He estimates 40% of his business comes from local clients direct and 60% from his many local, national, and global affiliate partners. Local businesses and corporations who hire his company include Deloitte, Wells Fargo, IBM, and NASCAR. He also handles wine tours and leisure runs.
Like many small operations, Gismala has figured out how to tap technology to help with phones and dispatch. He and his daughter handle most of it, with him available to answer phones 18 hours a day. “Very rarely do I miss a call and have to get back to them.” They also use Limo Anywhere as their dispatching and fleet tracking platform.
In a competitive market where airport transfers from downtown Charlotte to the airport can range from $20 to $150, Absolute sticks with a base rate of $65. “A lot of the drivers and cars are the same people and quality; just under different business names.”
Gismala’s hospitality and restaurant background, both in Charlotte and abroad, has helped boost his business, since general managers and hosts at various hotels and big name steakhouses will recommend his service when clients ask for transportation.
“I go to conventions and listen to motivational speakers,” he says. “The principles are always the same, such as being before time instead of on-time. You try to over-deliver consistently and look for opportunities, not money.”
When he has a service failure or glitch, Gismala compensates the client with free rides. “You always look for future opportunities.”
One advantage a small operation like Absolute offers is clients can feel safe, secure, and confident in knowing and dealing with the owner directly. Gismala discreetly schedules and handles runs for high-profile clients.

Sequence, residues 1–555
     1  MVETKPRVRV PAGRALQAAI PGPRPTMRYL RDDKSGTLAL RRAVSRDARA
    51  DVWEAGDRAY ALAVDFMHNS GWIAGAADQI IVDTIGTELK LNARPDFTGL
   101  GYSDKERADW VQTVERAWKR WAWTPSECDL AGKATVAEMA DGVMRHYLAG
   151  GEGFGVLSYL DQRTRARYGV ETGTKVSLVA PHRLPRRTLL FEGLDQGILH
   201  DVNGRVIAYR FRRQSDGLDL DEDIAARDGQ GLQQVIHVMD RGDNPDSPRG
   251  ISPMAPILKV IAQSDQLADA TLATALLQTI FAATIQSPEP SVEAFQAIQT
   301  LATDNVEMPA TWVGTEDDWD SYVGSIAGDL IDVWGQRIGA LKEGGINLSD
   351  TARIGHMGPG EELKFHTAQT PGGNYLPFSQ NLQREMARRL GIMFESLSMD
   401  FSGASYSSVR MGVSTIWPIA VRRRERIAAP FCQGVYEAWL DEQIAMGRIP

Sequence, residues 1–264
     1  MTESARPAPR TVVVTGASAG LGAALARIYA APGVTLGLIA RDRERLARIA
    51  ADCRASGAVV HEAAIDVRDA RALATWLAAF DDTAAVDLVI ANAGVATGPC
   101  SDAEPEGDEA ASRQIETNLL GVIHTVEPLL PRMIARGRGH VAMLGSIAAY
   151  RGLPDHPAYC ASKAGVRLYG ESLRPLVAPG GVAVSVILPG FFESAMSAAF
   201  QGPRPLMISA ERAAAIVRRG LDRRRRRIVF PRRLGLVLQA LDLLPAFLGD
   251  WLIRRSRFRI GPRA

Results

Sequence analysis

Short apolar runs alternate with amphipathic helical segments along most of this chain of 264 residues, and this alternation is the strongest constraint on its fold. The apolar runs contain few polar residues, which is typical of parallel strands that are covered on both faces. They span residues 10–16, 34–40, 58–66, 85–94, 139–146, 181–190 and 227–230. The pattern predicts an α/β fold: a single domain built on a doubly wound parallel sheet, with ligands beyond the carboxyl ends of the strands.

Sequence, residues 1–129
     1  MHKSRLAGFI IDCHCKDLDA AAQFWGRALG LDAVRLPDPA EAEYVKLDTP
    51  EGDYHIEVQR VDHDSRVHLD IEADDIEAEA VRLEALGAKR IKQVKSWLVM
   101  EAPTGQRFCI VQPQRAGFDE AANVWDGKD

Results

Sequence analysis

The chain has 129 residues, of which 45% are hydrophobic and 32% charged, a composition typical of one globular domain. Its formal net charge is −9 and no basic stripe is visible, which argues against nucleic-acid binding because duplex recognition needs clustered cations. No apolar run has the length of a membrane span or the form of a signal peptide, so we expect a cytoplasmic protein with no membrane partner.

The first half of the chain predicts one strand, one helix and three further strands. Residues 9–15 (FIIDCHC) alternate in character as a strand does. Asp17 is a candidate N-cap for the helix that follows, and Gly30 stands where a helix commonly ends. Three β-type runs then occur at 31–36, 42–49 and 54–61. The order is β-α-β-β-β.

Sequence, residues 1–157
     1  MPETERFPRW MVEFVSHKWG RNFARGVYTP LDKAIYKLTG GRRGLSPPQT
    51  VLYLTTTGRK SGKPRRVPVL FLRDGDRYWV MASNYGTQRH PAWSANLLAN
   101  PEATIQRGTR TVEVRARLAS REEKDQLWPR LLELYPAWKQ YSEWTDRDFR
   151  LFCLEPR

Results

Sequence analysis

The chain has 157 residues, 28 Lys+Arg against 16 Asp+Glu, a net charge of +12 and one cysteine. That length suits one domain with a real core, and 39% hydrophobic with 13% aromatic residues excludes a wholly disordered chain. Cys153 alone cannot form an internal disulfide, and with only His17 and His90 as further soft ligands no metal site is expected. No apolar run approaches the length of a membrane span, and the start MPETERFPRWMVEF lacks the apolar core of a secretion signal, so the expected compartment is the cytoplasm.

“It gives them peace of mind. They can live in the city and have a house on a nearby lake, so it’s important to keep their personal life and movements secure and handle them with discretion.”
Beyond Charlotte, the company serves clients in Greensboro, Winston-Salem, Raleigh, Columbia, S.C., Augusta, Ga., and Greenville, S.C.
Gismala first studied hotel and restaurant management in Mumbai, India, where he graduated in 1982. He then embarked on a sometimes harrowing four-year journey that eventually landed him in the U.S.
After graduation, the Sudan native returned to his home country for six months to work, but did not like the Sharia-imposed laws by the regime at the time. So he moved to Cairo, Egypt where he trained as a chef at Sheraton hotels. Between working stints there and in Baghdad, Iraq, he returned to India and married his college sweetheart.
The couple moved to Baghdad where Gismala became the maître d in charge of restaurants and bars at the Sheraton hotel. In 1984, during the height of the eight-year-long Iran-Iraq War, the missile fire between the two countries directly altered his career path.